M. Scott Boren is one of the pastors at Woodland Hills Church in St. Paul, Minnesota. He is a trainer, consultant and the author of The Relational Way and How Do We Get There From Here? He works with Allelon in developing training materials on the missional church. He shares life with his wife Shawna and their four children. He can be reached at www.scottboren.com.

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Amazon.com: 4.1 out of 5 stars  14 reviews
24 of 25 people found the following review helpful
5.0 out of 5 stars Very thorough and readable Dec 2 2009
By G. Allan Love - Published on Amazon.com
Format:Paperback
One wonders, with all that has been written over the past decade on the missional church through books, blogs, websites, and articles - can anything new truly be added to the missional conversation? After reading through, Introducing the Missional Church by Roxburgh and Boren, the answer is clearly yes. They resist the temptation to define the missional church with simplicity, precision and straightforwardness (and make a great case as to why), but rather paint of colorful portrait of what the missional church looks like. The metaphor they use to describe the missional church is that of a river with three powerful currents: mystery, memory and mission. After reading this section I found myself somewhat freed from my modernistic tendencies to define the missional journey logically and pragmatically. Furthermore, they clearly show in numerous ways what the missional church is not - such as, a missional church is not simply about becoming external. Those already engaged in the missional conversation will find familiar terrain such as: the attractional - missional contrast, reconsidering the nature of our context (that it is truly a mission field), rethinking the Gospel through the Missio Dei lens, and reimagining the church via a kingdom framework. I appreciated their discussion on space and place spirituality, and that the missional journey is to be concerned with place spirituality. Part 3 of the book is focused on the leadership piece of the missional journey - how do we translate the discussion into action. Those having read, The Missional Leader by Roxburgh and Romanuk will find repeated material, but material written in a much less technical, heady manner. Whether one is already well versed in the missional discussion, or just a newbie - Introduing the Missional Church is a must read, and does indeed move the discussion further ahead. Do get the book!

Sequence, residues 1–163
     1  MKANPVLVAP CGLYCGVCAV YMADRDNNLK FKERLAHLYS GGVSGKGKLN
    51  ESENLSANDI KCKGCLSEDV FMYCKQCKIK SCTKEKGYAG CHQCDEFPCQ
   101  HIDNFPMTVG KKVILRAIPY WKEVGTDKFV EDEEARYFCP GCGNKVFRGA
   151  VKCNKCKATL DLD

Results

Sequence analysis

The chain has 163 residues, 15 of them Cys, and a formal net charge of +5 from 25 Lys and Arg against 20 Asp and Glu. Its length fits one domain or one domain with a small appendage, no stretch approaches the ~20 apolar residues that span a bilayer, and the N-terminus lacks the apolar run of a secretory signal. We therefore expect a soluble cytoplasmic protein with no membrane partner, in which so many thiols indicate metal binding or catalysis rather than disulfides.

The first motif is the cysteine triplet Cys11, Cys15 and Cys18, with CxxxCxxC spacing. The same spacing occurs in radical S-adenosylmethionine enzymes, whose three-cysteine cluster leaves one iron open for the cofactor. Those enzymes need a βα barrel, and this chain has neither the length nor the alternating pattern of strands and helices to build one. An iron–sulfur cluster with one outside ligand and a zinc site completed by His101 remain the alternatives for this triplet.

12 of 12 people found the following review helpful
5.0 out of 5 stars This book's strength is what it isn't, not what you think it will be Dec 27 2009
By Randall G. Neighbour - Published on Amazon.com
Format:Paperback
The authors of this book invest many pages of the text explaining why it's so hard to succinctly define the missional church. In fact, they take a whole chapter to explain what it isn't to help readers figure out what it is! I learned one thing with my first read: it's not attractional.

My takeaway from this book was that a missional church is filled with individuals who are passionate about being in and extending God's kingdom in unique ways. It's certainly not a program or a model one can hastily create in an existing church and expect instantaneous results. Many of the examples of missional living the authors cite surround individuals who discover ministry opportunities in their communities and start doing ministry, not about churches who started a new missions initiative. Nor can a pastor or church launch a program to make members or small groups of members "missional." It's all about empowering people to be missional and effectively supporting their efforts.

For some, this book will be a very frustrating read. They want a straightforward recipe for moving consumer Christians out of their comfy chairs and into missional activities...and it cannot be found in this book. Others will be pleased with the absence of "six ways to become missional" or a list of practical how-to's for small groups to move into missional living.

This is far more of a "how to be" than "what to do" kind of book. I will read it again soon because I want to be a missional believer and pastor a missional church. What Roxburgh and Boren offer concerning the missional church is somewhat elusive, but still very good--and very different from what you might have read from Ed Stetzer Or Reggie McNeil. Boren and Roxbourgh suggest experimenting in different ways to introduce it to your church to see if it emerges naturally.